Gilbert N. Kahn is a professor of Political Science at Kean University.
It seems that Netanyahu, for all his experience in the United States and understanding of American politics, does not want to deal with Washington like an adult and prefers to behave like a petulant child. Recognizing the fact that Bibi and Israel have been correct for years about the potential nuclear danger posed by the radical Islamic regime in Teheran, there is a very serious question as to whether the Prime Minister may well have achieved immediate goals at the expense of the long term, vital, and essential U.S.-Israel relationship.
As far as the actual agreement between Iran and the P5+1 it appears to be that given the fact that the Obama-Kerry team were determined to make a deal, Israel got a significantly larger window with respect to nukes than it probably would have had if there had been no deal. The size of this window came as a result, probably in large measure, because of Israel’s pressure on Washington; particularly on the Pentagon and the intelligence community. While there are many things wrong with the deal the pressure on Israel’s existential viability is somewhat relieved.
The style of the Israeli Government and Bibi in particular in addressing the problem of the entire negotiating process, however, is as wrong as the approach of the Republicans in Congress in dealing with Obamacare. For over a year Congress deliberated on healthcare reform and finally passed a bill. It became law. It had its debate and it moved on. If there were problems with its implementation—as there always are and have been with complex legislation—spend the time and fix it. Instead, for more than four years now Members of Congress and Republican presidential aspirants have been pledging to repeal, eliminate, and reject the Affordable Healthcare law. Similarly, Netanyahu is determined to lead the fight in public and out front now to persuade Congress to reject and override a presidential veto on the Iran agreement.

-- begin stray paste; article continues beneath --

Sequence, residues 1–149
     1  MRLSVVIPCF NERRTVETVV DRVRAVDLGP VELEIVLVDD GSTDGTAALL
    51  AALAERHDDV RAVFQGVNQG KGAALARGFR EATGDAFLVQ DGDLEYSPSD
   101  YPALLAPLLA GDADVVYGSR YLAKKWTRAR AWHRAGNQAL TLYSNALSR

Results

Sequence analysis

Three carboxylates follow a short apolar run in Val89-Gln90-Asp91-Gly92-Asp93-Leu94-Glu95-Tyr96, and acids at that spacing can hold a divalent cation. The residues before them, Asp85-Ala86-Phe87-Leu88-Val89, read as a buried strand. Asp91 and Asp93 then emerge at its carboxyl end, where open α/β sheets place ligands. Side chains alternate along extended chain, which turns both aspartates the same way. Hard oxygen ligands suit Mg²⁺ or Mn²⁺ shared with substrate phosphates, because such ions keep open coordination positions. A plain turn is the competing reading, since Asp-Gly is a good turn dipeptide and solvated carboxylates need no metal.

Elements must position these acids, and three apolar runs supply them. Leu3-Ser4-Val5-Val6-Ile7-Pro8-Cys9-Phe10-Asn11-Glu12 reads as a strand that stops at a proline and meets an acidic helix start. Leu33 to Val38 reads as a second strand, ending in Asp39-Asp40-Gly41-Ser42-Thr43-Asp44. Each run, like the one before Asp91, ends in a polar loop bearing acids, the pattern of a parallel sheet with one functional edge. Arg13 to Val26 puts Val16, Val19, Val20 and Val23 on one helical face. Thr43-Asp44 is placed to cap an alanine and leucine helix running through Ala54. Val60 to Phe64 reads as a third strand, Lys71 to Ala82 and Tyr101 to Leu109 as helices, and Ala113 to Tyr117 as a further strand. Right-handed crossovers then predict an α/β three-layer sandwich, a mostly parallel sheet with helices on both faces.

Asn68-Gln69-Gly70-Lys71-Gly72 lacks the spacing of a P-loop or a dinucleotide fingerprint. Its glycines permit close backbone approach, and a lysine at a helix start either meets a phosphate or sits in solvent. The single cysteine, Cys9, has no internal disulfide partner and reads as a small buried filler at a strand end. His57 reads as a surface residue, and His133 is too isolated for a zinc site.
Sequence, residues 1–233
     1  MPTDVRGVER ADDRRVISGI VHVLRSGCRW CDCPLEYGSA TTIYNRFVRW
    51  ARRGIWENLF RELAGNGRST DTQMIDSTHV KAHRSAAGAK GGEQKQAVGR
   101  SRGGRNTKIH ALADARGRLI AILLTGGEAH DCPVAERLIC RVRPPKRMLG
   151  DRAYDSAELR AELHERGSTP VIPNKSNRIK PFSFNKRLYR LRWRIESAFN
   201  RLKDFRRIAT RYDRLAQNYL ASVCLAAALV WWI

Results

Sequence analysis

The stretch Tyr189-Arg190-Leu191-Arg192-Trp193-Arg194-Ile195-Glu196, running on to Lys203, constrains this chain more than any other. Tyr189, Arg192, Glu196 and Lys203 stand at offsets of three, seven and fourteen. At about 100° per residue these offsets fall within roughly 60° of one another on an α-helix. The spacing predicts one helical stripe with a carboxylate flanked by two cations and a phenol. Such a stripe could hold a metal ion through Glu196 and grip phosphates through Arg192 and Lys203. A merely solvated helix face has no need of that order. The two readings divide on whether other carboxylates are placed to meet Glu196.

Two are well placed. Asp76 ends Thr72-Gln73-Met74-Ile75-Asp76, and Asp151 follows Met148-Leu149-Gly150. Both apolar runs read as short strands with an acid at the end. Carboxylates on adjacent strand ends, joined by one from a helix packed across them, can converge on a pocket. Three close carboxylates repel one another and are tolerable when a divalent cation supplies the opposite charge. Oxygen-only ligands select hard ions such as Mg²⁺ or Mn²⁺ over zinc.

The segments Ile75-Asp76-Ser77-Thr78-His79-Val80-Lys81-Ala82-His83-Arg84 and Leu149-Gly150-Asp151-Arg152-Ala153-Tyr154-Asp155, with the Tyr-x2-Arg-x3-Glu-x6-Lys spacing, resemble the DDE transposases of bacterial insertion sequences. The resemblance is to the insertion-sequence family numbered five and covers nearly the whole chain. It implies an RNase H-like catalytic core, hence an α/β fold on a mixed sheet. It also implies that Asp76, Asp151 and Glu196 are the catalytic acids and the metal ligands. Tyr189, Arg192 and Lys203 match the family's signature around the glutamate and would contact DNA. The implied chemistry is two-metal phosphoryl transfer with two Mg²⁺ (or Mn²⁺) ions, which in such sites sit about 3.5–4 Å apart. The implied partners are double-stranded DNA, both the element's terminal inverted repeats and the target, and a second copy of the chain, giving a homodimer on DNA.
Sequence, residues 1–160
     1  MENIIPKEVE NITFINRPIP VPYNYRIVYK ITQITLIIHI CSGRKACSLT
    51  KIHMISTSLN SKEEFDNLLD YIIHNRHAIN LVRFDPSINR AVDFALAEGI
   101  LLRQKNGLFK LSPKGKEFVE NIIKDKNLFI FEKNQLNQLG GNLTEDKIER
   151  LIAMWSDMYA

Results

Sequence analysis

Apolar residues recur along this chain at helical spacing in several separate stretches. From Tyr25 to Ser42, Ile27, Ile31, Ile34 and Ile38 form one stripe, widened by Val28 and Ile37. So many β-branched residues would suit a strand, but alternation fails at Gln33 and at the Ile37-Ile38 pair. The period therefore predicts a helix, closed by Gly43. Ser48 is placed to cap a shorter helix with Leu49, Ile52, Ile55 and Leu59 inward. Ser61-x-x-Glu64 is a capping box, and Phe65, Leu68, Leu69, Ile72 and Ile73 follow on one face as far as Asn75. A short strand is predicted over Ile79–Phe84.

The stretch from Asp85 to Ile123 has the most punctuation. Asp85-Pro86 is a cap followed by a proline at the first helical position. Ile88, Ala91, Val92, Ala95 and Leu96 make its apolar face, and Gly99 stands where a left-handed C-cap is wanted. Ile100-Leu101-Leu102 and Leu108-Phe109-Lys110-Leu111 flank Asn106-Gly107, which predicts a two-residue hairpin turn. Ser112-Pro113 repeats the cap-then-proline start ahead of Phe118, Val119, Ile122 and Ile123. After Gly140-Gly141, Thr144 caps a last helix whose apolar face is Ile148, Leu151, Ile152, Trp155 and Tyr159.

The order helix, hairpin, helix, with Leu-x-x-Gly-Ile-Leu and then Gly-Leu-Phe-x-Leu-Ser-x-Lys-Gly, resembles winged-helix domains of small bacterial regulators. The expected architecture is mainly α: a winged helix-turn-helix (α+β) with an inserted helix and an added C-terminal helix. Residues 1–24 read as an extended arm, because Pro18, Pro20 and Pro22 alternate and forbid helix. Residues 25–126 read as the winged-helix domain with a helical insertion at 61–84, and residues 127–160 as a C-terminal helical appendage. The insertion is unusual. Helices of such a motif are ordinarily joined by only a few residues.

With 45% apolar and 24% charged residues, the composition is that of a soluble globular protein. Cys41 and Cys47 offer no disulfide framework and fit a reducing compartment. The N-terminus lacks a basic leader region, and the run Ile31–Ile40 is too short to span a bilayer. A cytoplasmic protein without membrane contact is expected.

Congress might still reject the agreement. There are ample reasons to question many portions of the deal, but for the sake of U.S.-Israel relations now and in the future, Bibi ought to understand that it is not about him and Obama. This is a debate about a critical question and not about ego or winning. The U.S.-Israel relationship will have many more mountains to climb and it would behoove Netanyahu to change his approach.
The Republicans did not accept healthcare, campaigned against it in 2012 and they lost. Their strategy failed. Today, Republicans are failing to attract Latinos because of their perceived anti-immigrant positions. As a result they could well lose the White House again in 2016. It seems that Bibi’s approach to Washington is following this same type of failed playbook and it could turn out badly for Israel.